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  1. Proving Nothing and Illustrating Much: The Case of Michael Balint.Shaul Bar-Haim - 2020 - History of the Human Sciences 33 (3-4):47-65.
    John Forrester’s book Thinking in Cases does not provide one ultimate definition of what it means to ‘think in cases’, but rather several alternatives: a ‘style of reasoning’, ‘paradigms’ or ‘exemplars’, and ‘language games’, to mention only a few. But for Forrester, the stories behind each of the figures who suggested these different models for thinking are as important as the models themselves. In other words, the question for Forrester is not only what ‘thinking in cases’ is, but also who (...)
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  • Revisiting Foucault's ‘Normative Confusions’: Surveying the Debate Since the Collège de France Lectures.Christopher R. Mayes - 2015 - Philosophy Compass 10 (12):841-855.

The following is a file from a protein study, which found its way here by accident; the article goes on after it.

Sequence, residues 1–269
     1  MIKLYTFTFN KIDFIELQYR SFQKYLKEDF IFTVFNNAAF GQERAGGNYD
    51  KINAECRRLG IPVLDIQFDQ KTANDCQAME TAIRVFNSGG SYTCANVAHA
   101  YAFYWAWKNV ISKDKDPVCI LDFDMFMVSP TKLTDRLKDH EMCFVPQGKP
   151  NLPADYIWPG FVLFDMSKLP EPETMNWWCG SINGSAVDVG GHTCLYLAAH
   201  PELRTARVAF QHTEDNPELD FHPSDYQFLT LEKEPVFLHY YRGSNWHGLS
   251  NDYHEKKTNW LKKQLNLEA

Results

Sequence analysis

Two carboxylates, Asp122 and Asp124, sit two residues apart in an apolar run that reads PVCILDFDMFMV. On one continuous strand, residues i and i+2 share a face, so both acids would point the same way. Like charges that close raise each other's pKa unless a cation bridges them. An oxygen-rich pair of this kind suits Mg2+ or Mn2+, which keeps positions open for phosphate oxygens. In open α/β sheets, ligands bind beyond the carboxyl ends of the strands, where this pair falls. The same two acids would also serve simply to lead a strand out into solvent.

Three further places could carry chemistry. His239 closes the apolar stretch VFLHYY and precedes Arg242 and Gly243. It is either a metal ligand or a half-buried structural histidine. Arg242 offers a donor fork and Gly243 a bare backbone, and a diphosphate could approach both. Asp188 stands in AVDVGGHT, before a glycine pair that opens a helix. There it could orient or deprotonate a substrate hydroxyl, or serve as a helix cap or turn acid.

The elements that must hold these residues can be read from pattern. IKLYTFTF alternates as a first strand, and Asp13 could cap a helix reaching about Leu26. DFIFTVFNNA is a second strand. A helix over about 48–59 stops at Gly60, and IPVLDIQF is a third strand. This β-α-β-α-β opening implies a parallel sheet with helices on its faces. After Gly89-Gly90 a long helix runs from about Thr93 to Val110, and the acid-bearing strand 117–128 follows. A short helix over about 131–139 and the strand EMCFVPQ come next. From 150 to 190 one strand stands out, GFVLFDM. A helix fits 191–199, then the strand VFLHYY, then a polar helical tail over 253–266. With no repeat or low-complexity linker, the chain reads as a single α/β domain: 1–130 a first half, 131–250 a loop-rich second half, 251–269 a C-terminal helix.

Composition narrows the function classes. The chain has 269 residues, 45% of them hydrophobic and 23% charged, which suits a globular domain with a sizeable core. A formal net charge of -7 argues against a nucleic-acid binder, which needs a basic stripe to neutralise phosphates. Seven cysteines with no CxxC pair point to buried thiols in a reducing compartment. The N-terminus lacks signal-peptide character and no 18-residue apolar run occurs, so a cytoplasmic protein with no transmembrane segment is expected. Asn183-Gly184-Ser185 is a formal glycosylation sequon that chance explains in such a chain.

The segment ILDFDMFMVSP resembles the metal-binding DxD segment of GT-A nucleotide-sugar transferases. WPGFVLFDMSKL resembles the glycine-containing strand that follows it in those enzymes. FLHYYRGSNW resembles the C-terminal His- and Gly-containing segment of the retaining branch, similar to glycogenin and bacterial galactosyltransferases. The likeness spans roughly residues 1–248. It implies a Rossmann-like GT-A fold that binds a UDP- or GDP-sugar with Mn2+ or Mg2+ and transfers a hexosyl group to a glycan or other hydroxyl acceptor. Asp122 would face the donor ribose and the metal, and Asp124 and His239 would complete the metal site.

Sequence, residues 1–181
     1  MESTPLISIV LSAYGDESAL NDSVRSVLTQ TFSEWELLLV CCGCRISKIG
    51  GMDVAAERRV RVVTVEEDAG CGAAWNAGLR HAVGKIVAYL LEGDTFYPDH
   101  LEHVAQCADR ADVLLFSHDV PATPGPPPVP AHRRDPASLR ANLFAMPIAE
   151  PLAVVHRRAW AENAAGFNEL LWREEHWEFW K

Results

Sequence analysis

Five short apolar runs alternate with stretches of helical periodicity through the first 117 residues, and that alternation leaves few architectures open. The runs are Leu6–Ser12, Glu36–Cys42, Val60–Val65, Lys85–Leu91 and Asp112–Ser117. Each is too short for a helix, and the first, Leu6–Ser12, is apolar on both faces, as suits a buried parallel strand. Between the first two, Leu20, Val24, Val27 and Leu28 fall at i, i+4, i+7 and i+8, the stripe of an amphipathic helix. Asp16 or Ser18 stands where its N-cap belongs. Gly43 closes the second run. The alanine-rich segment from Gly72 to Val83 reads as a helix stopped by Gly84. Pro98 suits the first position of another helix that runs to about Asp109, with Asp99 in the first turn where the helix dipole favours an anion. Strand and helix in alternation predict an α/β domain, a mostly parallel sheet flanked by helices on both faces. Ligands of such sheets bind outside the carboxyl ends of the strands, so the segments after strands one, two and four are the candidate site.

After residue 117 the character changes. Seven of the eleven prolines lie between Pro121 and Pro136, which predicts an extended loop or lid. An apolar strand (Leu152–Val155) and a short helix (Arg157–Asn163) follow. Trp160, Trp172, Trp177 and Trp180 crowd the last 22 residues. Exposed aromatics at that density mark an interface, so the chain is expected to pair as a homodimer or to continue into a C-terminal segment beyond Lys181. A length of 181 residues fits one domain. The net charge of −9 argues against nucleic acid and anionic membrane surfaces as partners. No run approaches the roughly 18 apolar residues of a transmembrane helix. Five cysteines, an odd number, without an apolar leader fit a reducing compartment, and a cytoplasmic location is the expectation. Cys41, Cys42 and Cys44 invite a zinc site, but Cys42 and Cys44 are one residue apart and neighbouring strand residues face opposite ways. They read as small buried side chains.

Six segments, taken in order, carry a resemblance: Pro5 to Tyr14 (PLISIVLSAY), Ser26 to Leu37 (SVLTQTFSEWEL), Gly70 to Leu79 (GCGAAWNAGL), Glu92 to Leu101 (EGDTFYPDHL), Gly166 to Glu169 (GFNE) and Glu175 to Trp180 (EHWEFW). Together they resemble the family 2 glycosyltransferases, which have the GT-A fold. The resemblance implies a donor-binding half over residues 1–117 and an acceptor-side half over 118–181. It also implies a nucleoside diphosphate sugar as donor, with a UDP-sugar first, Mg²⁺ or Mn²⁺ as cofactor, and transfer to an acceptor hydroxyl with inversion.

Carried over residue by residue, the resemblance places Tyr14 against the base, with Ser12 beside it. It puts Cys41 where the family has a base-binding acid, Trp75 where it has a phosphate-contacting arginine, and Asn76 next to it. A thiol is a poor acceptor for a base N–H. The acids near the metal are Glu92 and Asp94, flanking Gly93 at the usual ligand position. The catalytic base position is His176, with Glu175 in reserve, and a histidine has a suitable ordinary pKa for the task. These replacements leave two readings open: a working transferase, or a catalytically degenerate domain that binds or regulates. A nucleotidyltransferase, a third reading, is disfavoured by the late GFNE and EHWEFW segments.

At once historical and philosophical, Michel Foucault used his genealogical method to expose the contingent conditions constituting the institutions, sciences and practices of the present. His analyses of the asylum, clinic, prison and sexuality revealed the historical, political and epistemological forces that make up certain types of subjects, sciences and sites of control. Although noting the originality of his work, a number of early critics questioned the normative framework of Foucault's method. Nancy Fraser argued that Foucault's genealogical method was ‘normatively (...)
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